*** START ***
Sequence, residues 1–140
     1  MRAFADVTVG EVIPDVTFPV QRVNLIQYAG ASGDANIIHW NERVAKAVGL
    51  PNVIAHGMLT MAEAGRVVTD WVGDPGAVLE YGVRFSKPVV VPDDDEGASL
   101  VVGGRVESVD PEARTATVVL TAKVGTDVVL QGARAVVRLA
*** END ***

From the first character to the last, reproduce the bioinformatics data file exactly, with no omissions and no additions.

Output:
Sequence, residues 1–140
     1  MRAFADVTVG EVIPDVTFPV QRVNLIQYAG ASGDANIIHW NERVAKAVGL
    51  PNVIAHGMLT MAEAGRVVTD WVGDPGAVLE YGVRFSKPVV VPDDDEGASL
   101  VVGGRVESVD PEARTATVVL TAKVGTDVVL QGARAVVRLA